“I don’t want to injure myself”
Seeing as how lifting weights increases your balance, your joint stability, and your ligament strength, hiring a good personal trainer/coach to teach you proper form on all of the basic lifts would solve this issue. Weightlifting actually decreases your chance of injury, so the heavier you lift and the stronger you are, the better!
“I don’t want to gain weight”
If you are fixated on a certain number that your scale needs to be in order to make you feel worthy, then the best approach would be to simply stop weighing yourself. It's true that the more muscle you have, the more you are going to weigh, because muscle weighs more than fat. Muscle is a very metabolically active tissue in your body, and because of this, it will keep burning your fat. My advice is to go by how you feel, not by how you look. You will feel more hungry when you include weightlifting in your regular exercise regime, because you are revving up your metabolism to be a calorie-burning machine. Hunger is your body's way of telling you that it needs nourishment. It's simple - if you're hungry, eat!
“I prefer to only do cardio”
We all know this woman - the one that does only cardio, then complains because their body composition never changes. This is because it takes longer to see results with activities such as running along with yoga, pilates, or barre because you are only using your own body weight or light hand weights. You are simply not going to develop muscles as fast with these types of exercises alone. This isn't to say that these are not all beneficial modes of exercises, because they definitely are! But, simply running and/or participating in classes that don’t include lifting weights could result in a missed opportunity to burn fat, increase your bone density and metabolism, and create the change in your overall body composition. You will never run your way to a six pack of abs seeing as we cannot “spot treat”. On that note, studies have actually found that women who lifted weights lost more intra-abdominal fat (deep belly fat) than those who did just cardio.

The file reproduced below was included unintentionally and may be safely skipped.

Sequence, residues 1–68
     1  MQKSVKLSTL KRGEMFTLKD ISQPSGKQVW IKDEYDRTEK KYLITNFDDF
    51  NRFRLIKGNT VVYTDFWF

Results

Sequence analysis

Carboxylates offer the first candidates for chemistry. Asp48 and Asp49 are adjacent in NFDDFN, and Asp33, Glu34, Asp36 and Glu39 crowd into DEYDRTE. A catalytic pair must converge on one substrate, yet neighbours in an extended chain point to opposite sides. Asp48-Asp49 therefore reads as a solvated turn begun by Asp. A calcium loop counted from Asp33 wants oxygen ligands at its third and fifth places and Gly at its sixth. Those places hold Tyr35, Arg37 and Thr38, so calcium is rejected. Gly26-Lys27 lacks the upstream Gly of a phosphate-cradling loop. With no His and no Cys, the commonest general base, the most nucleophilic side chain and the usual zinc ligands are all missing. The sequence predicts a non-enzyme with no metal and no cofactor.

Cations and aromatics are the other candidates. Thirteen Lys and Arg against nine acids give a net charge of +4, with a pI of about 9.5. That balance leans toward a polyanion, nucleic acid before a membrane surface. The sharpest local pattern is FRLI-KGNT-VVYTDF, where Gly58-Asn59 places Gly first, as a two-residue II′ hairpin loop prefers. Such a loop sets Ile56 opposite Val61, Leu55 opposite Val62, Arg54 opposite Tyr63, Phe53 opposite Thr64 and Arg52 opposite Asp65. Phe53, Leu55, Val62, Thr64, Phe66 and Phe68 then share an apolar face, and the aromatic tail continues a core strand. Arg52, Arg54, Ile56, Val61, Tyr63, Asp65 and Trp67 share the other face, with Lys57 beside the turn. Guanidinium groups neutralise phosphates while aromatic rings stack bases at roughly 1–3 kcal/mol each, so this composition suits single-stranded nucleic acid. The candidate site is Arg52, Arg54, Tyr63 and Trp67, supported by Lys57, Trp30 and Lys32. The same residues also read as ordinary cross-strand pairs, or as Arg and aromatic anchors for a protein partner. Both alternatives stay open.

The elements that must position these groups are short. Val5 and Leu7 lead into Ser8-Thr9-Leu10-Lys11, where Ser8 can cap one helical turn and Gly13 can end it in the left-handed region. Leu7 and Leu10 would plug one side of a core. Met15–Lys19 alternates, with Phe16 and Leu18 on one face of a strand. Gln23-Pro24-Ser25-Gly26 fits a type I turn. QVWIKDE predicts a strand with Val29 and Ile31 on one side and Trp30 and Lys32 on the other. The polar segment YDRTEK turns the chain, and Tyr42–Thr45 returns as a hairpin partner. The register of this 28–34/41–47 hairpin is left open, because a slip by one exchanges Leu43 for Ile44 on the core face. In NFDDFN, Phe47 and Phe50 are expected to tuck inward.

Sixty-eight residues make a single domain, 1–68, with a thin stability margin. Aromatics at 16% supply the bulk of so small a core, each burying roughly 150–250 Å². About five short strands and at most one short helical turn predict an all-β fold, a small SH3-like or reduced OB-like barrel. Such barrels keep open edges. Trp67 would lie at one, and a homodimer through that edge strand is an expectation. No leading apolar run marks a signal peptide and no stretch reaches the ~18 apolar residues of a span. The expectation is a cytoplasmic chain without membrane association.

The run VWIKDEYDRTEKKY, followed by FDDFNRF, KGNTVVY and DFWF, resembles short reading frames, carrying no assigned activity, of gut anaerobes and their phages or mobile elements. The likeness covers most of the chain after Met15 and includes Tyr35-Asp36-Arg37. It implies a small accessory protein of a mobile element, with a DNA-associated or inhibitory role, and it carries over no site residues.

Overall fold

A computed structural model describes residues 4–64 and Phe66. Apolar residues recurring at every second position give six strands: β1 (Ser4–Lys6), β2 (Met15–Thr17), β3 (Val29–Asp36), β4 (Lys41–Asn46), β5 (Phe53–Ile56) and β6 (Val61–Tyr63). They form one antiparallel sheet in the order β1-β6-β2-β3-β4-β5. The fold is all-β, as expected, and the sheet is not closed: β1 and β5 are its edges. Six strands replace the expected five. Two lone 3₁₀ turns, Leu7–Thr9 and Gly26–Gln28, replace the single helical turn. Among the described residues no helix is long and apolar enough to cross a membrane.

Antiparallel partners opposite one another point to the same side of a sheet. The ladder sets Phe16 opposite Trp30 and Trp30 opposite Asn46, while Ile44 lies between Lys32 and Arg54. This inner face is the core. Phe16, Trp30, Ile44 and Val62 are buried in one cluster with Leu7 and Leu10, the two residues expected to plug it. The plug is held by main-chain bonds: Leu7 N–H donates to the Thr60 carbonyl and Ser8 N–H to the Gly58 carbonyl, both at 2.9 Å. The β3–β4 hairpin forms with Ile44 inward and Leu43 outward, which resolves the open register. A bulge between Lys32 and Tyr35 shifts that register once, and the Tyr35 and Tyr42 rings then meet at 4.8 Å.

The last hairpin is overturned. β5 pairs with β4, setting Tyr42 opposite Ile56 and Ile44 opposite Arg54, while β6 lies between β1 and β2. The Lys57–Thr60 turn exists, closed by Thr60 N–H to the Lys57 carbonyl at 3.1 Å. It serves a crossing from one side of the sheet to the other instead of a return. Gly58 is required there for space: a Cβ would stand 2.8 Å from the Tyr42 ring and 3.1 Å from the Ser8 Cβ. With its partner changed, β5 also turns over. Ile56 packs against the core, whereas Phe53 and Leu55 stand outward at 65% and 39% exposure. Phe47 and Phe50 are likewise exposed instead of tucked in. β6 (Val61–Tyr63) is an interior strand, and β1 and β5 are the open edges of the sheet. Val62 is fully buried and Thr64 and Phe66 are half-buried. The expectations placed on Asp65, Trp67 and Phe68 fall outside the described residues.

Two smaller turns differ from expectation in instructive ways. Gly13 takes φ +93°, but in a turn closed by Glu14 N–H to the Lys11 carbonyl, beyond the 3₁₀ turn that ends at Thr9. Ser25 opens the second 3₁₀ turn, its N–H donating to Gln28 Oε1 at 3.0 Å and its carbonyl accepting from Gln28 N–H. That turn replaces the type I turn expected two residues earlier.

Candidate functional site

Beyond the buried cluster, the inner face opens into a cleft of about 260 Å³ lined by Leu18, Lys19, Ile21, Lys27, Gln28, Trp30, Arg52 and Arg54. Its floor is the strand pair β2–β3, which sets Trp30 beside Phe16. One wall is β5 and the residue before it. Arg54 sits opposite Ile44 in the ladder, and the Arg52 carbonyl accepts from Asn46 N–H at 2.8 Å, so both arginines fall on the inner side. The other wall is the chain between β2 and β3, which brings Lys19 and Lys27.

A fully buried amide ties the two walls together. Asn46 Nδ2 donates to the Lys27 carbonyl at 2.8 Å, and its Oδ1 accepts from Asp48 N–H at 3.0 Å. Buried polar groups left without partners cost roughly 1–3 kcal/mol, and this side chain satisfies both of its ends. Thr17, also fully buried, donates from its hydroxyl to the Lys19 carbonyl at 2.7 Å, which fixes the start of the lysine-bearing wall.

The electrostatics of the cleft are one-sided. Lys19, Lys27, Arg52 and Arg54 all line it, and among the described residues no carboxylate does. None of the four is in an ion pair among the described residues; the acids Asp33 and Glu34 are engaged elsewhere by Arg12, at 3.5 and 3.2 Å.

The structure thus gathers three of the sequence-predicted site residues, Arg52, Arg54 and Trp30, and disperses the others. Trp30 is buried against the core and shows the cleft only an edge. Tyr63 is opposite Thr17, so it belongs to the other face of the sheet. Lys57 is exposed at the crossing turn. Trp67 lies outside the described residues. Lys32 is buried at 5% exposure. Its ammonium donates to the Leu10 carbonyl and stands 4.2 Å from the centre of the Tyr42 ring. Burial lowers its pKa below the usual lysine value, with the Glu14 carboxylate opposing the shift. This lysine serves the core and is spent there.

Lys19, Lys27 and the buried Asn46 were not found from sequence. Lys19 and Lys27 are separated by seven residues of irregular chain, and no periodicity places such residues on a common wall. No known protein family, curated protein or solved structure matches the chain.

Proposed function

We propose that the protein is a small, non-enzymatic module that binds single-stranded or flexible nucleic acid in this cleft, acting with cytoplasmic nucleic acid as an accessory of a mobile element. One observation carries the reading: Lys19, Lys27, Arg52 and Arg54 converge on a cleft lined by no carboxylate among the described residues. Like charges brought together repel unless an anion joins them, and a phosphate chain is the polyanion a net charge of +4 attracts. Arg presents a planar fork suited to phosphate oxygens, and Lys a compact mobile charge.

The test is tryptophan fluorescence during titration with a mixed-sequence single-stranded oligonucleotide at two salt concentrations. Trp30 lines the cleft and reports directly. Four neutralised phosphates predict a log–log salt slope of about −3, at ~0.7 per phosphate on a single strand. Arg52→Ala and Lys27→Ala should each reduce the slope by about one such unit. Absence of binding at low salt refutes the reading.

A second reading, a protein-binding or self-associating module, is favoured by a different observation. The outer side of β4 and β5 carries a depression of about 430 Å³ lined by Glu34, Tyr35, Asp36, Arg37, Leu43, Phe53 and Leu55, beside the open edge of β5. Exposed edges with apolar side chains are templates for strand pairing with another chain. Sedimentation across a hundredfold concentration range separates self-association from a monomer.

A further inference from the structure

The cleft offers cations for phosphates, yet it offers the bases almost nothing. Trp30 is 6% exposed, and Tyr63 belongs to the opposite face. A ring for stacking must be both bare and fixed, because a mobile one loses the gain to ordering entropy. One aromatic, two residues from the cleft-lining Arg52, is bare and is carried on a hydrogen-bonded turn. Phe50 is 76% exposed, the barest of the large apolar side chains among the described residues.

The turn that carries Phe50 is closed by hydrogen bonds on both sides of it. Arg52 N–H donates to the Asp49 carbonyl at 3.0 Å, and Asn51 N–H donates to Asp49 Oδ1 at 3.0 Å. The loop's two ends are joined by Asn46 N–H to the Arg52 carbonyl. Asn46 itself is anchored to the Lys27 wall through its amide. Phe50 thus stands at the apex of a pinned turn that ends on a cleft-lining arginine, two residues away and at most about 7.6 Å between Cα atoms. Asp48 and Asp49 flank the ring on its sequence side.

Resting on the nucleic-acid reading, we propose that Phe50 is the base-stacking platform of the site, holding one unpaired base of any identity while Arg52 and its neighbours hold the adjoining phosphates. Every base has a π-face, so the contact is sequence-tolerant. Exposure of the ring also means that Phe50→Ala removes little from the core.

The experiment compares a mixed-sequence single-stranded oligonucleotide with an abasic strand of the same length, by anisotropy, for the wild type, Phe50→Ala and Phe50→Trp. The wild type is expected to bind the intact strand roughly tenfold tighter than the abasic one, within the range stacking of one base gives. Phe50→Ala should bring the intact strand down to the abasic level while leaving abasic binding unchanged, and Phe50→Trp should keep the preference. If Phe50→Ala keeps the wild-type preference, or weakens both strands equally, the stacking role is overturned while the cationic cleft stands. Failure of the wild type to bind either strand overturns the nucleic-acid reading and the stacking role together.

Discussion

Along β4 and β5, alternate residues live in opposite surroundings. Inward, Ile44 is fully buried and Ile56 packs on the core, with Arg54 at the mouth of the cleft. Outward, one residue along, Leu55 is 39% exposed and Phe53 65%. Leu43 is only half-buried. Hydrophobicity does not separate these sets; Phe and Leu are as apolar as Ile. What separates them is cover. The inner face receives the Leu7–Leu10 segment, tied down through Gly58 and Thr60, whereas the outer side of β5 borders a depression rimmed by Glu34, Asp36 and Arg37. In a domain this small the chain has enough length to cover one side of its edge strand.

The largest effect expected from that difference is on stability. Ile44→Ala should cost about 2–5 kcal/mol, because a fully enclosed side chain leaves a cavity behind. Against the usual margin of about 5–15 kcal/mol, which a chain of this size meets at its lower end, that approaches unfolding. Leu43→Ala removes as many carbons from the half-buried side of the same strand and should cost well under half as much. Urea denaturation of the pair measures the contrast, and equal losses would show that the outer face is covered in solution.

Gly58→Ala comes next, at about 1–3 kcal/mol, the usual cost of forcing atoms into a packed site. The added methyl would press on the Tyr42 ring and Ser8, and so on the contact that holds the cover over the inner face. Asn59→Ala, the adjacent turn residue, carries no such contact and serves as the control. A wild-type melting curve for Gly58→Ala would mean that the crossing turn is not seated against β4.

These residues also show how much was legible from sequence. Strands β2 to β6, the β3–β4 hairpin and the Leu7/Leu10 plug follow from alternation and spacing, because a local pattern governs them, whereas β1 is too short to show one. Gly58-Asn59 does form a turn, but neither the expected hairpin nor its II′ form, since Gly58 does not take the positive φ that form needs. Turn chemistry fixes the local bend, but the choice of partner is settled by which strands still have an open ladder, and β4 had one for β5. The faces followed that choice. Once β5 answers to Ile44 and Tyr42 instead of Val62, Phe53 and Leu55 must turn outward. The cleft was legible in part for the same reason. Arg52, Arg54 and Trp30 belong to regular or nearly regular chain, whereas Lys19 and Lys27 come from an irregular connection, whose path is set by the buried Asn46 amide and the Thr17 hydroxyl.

In any case, adding weightlifting to your exercise regime will only help you to perfect the most challenging moves within your other classes! If this isn’t enough for you ladies, try to remember this: lifting heavy weights is the best way to stop the mansplaining at the gym, and being strong is the best way to smash the patriarchy! DO IT.
Jennifer Slauenwhite is a Fitness Professional and a Mother of two with a passion for health and overall well-being. She has spent her entire life in the fitness industry through many family owned and operated fitness centres and has spent the last decade cultivating a community of strong like-minded women. She strives to set an example for women to be the best they can be by channeling their inner athlete and putting up some healthy competition against themselves! #leadbyexample